Summer 2000 in Portugal felt like a truly great time and place to be alive. The sun shone, the beer flowed and there was an atmosphere of alegria; where I was, people filled the praças of Guimarães to watch on the giant screens which the local council had kindly provided as the national football team swept all before them in the Euro 2000 football championship.
They didn’t prevail in the end, beaten by an only slightly superior World Cup-holding French side in a foul-tempered (semi-) finale. But the shouts of ´Port-u-gal! Port-u-gal!´ were to echo throughout my life over the following four years. And not only when Figo & Companhia were strutting and grunting their stuff on the pitch; occasionally I’d turn the corner on a sunny day in Lisbon to be confronted with a left-wing demonstration which would inevitably conclude with raised fists and cries of ´Viva Portugal!´ In fact, sometimes it seemed that a lot of the people gathered to hear someone speak were suffering patiently, hands clenched in readiness, in the rarely forlorn hope that they would have the opportunity to give vent to their frustrated nationalist impulses, regardless of any political affinities.
Portuguese nationalism, then, takes much of its form and energy from football, and the national devotion to football is partly a consequence of nationalism. After all, who are the best-known Portuguese people in the world? And just as football makes up a large part of the national discourse, nationalism tends to colour Portuguese attitudes to the rest of the world. People look to Figo, Christiano Ronaldo and José Mourinho to provide them with affirmation of an identity which is based first and foremost on not being Spanish, English, Brazilian or, while we’re at it, Welsh.
The continued promotion of football as a national project and as a projection of national self-esteem led to Portugal’s hosting of Euro 2004. Although a great success, especially for the Greeks, it led to problems. The people who own and run Portuguese football clubs are often, like Florentino Perez, also owners of large construction concerns and also, as their association with sport and money seems to dictate, very closely involved with the decisions of local councils. So when the lucrative contracts for the building of the not-entirely-necessary brand-new Euro 2004 football stadiums were being handed out, they tended to do rather well. As they often do – in 2004 itself, as part of an investigation called ‘Golden Whistle’, the Presidents of a number of clubs were put under investigation, kept under house arrest or, in the case of the President of the football league, sent to prison.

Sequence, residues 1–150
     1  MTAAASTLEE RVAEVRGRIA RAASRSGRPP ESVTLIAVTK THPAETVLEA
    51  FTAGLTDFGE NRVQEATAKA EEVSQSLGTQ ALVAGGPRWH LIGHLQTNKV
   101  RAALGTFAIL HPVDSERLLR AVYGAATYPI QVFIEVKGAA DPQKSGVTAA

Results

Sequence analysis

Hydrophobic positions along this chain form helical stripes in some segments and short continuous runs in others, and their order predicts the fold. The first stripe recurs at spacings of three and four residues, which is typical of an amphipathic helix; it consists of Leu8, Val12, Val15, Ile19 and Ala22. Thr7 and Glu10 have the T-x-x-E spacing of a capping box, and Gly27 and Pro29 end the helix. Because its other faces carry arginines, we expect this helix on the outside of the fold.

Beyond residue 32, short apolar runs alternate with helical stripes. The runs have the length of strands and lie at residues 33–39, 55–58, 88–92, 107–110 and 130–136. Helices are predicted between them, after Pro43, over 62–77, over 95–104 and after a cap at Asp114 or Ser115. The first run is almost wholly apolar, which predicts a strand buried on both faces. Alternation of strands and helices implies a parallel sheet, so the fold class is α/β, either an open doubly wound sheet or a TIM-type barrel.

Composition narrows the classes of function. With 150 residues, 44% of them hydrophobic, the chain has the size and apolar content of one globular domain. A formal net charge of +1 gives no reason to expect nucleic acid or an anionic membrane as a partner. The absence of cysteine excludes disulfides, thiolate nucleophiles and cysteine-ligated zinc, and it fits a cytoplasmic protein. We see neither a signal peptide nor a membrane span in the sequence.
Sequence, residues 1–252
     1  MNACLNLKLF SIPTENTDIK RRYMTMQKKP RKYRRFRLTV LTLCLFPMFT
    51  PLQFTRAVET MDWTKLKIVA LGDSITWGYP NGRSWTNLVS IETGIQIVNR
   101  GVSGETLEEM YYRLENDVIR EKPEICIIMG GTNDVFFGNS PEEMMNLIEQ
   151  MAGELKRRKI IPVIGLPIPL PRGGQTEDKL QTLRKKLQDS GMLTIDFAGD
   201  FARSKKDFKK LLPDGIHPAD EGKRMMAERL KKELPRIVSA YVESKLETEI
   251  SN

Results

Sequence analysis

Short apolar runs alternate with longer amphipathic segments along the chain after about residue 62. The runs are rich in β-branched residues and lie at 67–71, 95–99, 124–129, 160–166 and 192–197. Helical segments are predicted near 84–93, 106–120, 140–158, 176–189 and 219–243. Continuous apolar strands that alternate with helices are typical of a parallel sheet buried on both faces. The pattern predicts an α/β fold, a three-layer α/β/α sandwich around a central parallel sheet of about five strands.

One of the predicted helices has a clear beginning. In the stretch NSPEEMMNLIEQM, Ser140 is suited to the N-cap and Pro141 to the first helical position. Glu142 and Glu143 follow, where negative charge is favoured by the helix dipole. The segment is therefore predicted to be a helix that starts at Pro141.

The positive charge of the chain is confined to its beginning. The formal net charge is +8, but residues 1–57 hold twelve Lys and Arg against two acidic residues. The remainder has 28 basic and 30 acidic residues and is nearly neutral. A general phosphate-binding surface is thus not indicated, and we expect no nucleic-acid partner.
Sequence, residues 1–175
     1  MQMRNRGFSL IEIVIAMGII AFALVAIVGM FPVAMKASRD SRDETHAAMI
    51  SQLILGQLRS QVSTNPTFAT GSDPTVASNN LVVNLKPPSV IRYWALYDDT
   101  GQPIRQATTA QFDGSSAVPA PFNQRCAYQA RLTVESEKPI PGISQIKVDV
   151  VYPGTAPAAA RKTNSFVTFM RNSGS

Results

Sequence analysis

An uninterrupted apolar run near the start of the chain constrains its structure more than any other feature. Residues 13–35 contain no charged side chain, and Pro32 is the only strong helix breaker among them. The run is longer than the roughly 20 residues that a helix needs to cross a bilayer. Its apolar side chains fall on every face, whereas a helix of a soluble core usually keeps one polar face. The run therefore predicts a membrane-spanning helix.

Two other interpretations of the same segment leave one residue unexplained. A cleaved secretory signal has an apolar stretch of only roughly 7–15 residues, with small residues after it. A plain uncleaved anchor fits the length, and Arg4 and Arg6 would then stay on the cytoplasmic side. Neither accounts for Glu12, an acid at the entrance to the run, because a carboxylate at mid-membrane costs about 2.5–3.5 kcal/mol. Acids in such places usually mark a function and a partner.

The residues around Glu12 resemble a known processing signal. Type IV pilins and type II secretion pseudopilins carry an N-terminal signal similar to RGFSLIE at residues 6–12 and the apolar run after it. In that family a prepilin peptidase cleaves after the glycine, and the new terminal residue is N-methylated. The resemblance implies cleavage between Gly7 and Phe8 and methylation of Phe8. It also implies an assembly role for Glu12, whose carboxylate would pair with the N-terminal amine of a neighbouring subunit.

I want to make it clear here that I’m not suggesting that these problems do not occur in other countries. I happen to know more about Portugal because I lived there for five years. Professional football – and again I’m talking about the thing we see on TV, not the game played on the beach, in the park or, while we’re at it, on a football field – is all about corruption, whether it’s the odd case of match-fixing or dodgy politicians or tycoons looking to ingratiate themselves with the hoi polloi.
Here I have a bias to declare: I am no more a fan of dodgy businessmen or corrupt politicians than I am of football. I am also not a paid-up member of any nationalist organisations. For me, nationalist attitudes are generally inseparable from racist ones, and to say that football has in many places a problem with racism is a bit like saying that some Christians occasionally got injured as a result of gladatorial lion-feeding combats.
As I said, those cries of ´Port-u-gal! Port-u-gal!´ echoed throughout my life down the years in countless frustrating and depressing conversations with what were basically Portuguese nationalists, and on my very last night in the country, as horns beeped and flags were waved in celebration of the defeat of Holland in the semi-finals of Euro 2004, I couldn’t help but find it a bit nauseating and more than a little bit pathetic. Surely 10 million people could find some other way to identify themselves than with 11 men chasing a ball around a patch of grass?
Today’s conclusion, then: Professional football – and it should be made clear here that da da da in a park etc etc etc – somehow manages to encompass so many of the idiocies, injustices and cruelties of our modern age, that perhaps one day, in a less idiotic and more just world, it will go the same way as the games in the Coliseum.